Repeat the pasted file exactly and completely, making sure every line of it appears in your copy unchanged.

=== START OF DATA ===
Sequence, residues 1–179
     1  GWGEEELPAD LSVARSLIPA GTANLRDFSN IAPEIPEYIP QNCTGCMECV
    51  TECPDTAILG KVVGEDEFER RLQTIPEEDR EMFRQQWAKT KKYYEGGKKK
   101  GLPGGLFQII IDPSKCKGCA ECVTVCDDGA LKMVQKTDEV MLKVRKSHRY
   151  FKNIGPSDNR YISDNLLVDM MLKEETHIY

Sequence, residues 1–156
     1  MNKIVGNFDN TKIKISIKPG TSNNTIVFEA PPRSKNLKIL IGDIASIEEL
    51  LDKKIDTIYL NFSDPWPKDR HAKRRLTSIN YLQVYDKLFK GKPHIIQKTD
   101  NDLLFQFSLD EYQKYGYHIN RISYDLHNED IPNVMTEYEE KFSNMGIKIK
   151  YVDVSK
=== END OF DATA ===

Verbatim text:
Sequence, residues 1–179
     1  GWGEEELPAD LSVARSLIPA GTANLRDFSN IAPEIPEYIP QNCTGCMECV
    51  TECPDTAILG KVVGEDEFER RLQTIPEEDR EMFRQQWAKT KKYYEGGKKK
   101  GLPGGLFQII IDPSKCKGCA ECVTVCDDGA LKMVQKTDEV MLKVRKSHRY
   151  FKNIGPSDNR YISDNLLVDM MLKEETHIY

Sequence, residues 1–156
     1  MNKIVGNFDN TKIKISIKPG TSNNTIVFEA PPRSKNLKIL IGDIASIEEL
    51  LDKKIDTIYL NFSDPWPKDR HAKRRLTSIN YLQVYDKLFK GKPHIIQKTD
   101  NDLLFQFSLD EYQKYGYHIN RISYDLHNED IPNVMTEYEE KFSNMGIKIK
   151  YVDVSK